How Do We Keep From Losing Ourselves? Bookmark and Share

How Do We Keep From Losing Ourselves?

This month one of my book clubs read “Where’d You Go, Bernadette?,” a fictional story of a highly creative, up-and-coming architect who becomes a recluse after suffering a professionally tragedy. After years of keeping to herself—and becoming more than a bit nutty in the process—she actually physically disappears to Antarctica of all places, and her husband and daughter must find her. 

I wanted to love the book since it had rave reviews, but even though it was funny at times, I couldn’t suspend my disbelief enough. Antarctica? Really?

The real problem, though, was that I somehow missed the underlying point of the story, which is right there in the title. Bernadette disappears physically, but the point of the book is how years of losing herself in motherhood and not feeding her creative soul led to losing herself completely.

I wasn’t the only one who missed the point, which was amusing because everyone discussing the book that night is a mother of young children. As soon as one insightful member said she related to this woman “losing herself,” the light bulb went on and a rapid-fire discussion ensued with us all wondering where we had gone.

On the surface, these women are all “proper” mothers and wives who work and tend to their families. Yet, each of them has a back story. Two were in the Peace Corps and had traveled to places like China, Australia and Africa. Two had lived in New York.

The insightful reader among us had been in a band that had played every club in Milwaukee. A recent rare night out to see a band had left her filled with nostalgia. Hers was the same longing I feel every time I hear a song from college that reminds me of the drunken nights when I couldn’t stop dancing. Fueled by liquid courage, I danced on the dance floor, danced while throwing darts, danced while ordering a drink at the bar, even toilet danced while taking a piss.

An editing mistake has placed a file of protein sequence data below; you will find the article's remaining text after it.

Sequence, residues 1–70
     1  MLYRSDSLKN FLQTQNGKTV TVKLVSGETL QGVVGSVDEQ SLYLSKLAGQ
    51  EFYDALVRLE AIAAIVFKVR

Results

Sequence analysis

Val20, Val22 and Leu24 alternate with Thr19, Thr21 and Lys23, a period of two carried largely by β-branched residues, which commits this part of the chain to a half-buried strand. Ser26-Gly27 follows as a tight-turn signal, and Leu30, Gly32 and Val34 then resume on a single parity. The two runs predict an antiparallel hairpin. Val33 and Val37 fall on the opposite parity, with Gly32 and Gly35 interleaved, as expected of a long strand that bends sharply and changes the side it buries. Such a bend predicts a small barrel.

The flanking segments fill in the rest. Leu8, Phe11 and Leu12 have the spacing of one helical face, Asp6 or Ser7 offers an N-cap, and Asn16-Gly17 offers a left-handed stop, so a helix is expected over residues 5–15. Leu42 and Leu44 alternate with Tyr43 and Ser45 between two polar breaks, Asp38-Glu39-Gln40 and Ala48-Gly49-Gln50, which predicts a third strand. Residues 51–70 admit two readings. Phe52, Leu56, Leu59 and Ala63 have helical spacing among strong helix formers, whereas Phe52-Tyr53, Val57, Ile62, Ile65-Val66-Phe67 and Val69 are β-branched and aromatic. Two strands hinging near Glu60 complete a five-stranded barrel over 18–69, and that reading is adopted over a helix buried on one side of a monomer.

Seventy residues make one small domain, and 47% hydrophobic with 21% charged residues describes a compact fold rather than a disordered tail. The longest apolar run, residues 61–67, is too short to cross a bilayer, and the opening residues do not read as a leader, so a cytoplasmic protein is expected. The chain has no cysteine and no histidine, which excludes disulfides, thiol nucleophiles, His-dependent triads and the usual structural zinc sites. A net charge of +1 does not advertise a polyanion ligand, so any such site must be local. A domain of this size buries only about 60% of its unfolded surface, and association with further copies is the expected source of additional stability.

Having always been a “good girl,” that last year of college has always felt like the only truly carefree time in my life. I never wanted the music to stop, but somehow it did.

Yesterday morning one of the women posted in our Facebook group that she couldn’t stop thinking about the book. She had done all these amazing things in her life and now, as a mother of two toddlers, she is wondering how to add that person back into a life that is filled with coloring, diapers, cooking and answering countless questions.

Her comment got me thinking about my own former self. When my dancing queen self has emerged on rare occasions, I’ve squashed her. The longing and sadness I feel when she appears is nearly overwhelming. I miss her, but she scares me because she prompts crazy thoughts like hopping in my car and driving far away, leaving my family and responsibilities in the dust so I can get drunk and make out with cute college boys. Perhaps Bernadette’s escape to Antarctica wasn’t so far-fetched after all?